I am fascinated with the Tiny House Movement. Tiny House on Wheels is THOW btw. I would like to have one as guest quarters (or an airstream) but after living in a smallish (900 s.f.) house for 15 years I know that a tiny house is not for me. I do have plans to add several hundred square feet in the form of a functioning kitchen, eating area, mudroom, and a work area so I can ditch the in-town office. A THOW would have been perfect when I was young and single. I actually lived in an 8x12 cabin in the woods for 6 months sometime in the 90’s. Other than the mice and raiding raccoons, it wasn’t bad. I moved out when I started getting cold in late fall. -Pictured above Kids take up a lot of room and in our climate, you can’t just kick them outdoors to ride their bikes or do huge art or building projects. Plus each kid has to have two snowsuits, multiple winter boots, sleds, tons of books, a guinea pig (my daughter wants a cow and chickens) Not very applicable to tiny house living. Check out my friend Sean’s tiny house related blog UnBoxed House. He is building his own house using a shipping container. Although I have done a few tiny houses for clients I find I have to keep the tiny house mentality out of my regular work and attitudes, at least for now. I have found that some people are Big House People and a few (very few) are small house people. The usual conundrum comes when people have tiny house budgets but are horrified when I suggest that they need to be looking at something smaller than 1500 s.f. given their budget and their desire for quality. I once had a client who was horrified and outraged that I had designed a house with 10x12 bedrooms for her boys. (her budget was 350k) (plus she wanted a garage) Where I grew up that was a big enough bedroom for 2 boys to share. I will push and nudge and suggest like crazy but some people are just “Big House People” I have a hard time relating sometimes but I try. I nod my head sympathetically when a clients who are expecting their first child and live in a house twice the size of my own have called me in to discuss an addition to accommodate their growing family. Fine if they can afford it. I know from experience that I feel strangely uncomfortable in a house bigger than 2000 s.f. It feels wrong. Likewise a big bedroom. I contribute that to my introvert nature more than anything. I must be a medium house person. I follow a few tiny house groups on Facebook but try to ignore them mostly as people put up photos of their tiny houses that they built that, as an experienced architect, I can see that in five years, the house will be a falling apart mold factory. My face hurts too much from that sort of thing. But I applaud the do-it-yourself nature of the movement and the growing wealth of information and support.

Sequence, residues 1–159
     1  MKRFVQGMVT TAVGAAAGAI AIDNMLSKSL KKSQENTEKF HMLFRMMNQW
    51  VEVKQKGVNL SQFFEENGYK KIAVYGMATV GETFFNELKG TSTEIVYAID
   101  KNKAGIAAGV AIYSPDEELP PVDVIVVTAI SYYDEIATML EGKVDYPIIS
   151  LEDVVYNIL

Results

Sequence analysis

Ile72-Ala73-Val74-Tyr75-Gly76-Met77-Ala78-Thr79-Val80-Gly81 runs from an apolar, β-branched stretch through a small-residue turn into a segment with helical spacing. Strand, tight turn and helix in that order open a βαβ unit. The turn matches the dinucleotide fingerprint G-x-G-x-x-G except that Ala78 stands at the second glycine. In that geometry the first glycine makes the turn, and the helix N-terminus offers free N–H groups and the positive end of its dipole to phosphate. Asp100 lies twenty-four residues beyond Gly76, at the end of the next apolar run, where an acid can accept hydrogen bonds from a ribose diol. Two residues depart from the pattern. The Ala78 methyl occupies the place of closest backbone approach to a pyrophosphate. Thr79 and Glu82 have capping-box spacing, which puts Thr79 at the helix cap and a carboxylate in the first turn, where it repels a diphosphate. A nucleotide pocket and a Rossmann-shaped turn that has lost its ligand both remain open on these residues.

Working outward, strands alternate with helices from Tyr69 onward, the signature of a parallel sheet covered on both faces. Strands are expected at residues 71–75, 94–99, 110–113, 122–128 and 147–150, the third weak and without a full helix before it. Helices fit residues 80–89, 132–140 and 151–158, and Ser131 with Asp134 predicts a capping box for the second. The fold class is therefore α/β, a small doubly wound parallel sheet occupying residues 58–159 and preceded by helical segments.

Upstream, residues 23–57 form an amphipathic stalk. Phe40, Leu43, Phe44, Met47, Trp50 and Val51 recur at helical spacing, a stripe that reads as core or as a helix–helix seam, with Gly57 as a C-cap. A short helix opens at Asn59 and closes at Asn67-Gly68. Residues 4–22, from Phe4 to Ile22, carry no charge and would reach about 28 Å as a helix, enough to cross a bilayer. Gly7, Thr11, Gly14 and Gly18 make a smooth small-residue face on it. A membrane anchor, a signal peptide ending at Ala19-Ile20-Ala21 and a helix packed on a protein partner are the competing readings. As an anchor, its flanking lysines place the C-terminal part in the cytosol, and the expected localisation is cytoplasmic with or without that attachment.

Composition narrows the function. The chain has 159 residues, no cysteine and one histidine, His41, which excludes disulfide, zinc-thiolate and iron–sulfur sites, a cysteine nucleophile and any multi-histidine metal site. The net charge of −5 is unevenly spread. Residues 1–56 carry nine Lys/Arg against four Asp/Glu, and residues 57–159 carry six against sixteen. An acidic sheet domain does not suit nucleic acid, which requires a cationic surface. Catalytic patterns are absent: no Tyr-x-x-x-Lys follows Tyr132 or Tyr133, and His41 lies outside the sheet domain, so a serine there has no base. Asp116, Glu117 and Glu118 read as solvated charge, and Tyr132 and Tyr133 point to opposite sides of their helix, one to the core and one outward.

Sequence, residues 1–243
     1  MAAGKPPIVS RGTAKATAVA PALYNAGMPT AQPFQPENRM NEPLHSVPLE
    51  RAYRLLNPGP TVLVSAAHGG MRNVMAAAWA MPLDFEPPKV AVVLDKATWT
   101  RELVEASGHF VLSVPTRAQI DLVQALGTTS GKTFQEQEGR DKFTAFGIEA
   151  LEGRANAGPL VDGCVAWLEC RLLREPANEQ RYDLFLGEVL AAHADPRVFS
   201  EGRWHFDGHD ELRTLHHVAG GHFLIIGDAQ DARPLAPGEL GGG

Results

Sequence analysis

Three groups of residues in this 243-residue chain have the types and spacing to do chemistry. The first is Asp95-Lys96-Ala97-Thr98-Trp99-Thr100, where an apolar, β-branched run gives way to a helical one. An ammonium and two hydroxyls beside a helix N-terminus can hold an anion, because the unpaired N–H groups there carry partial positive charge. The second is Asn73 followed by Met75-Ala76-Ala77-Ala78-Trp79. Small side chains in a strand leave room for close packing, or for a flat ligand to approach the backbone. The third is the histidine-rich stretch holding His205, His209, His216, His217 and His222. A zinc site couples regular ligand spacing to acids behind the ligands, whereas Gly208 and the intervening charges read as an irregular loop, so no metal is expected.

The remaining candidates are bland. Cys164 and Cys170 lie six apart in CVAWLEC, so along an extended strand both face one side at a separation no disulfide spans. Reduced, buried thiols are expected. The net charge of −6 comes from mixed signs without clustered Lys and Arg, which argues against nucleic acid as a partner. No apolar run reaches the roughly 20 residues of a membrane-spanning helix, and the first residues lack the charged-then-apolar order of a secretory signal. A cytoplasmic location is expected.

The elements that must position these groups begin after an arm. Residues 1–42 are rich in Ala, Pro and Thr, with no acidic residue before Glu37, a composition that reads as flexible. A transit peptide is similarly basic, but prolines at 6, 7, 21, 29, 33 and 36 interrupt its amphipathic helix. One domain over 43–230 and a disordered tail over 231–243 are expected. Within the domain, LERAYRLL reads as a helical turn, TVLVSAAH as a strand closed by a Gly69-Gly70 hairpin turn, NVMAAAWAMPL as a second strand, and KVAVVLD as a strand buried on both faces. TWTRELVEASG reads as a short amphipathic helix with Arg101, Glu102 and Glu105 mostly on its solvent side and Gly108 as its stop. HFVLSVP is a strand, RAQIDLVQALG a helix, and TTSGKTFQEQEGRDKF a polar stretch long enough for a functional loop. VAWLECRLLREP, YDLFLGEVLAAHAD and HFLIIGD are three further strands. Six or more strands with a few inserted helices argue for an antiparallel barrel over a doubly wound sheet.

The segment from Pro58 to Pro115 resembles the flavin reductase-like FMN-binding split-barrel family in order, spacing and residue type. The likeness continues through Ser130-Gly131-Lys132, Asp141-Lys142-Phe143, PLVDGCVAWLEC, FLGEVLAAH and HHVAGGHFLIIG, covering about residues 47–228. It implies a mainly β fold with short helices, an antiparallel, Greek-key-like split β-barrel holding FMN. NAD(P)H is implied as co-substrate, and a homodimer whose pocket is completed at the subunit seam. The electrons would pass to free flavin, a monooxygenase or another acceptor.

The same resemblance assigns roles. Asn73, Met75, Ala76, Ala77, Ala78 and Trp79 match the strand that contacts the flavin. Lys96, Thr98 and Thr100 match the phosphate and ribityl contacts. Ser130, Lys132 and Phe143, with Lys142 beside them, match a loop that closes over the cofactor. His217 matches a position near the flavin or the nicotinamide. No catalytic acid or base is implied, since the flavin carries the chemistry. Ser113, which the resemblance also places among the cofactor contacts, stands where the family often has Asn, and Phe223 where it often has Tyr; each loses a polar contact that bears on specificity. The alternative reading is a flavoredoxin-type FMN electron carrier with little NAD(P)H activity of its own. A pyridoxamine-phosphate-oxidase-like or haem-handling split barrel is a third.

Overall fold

I was just emailed a link to this really excellent tiny house infographic and it seemed worth sharing. I would add to this the community building aspects of the tiny house movement.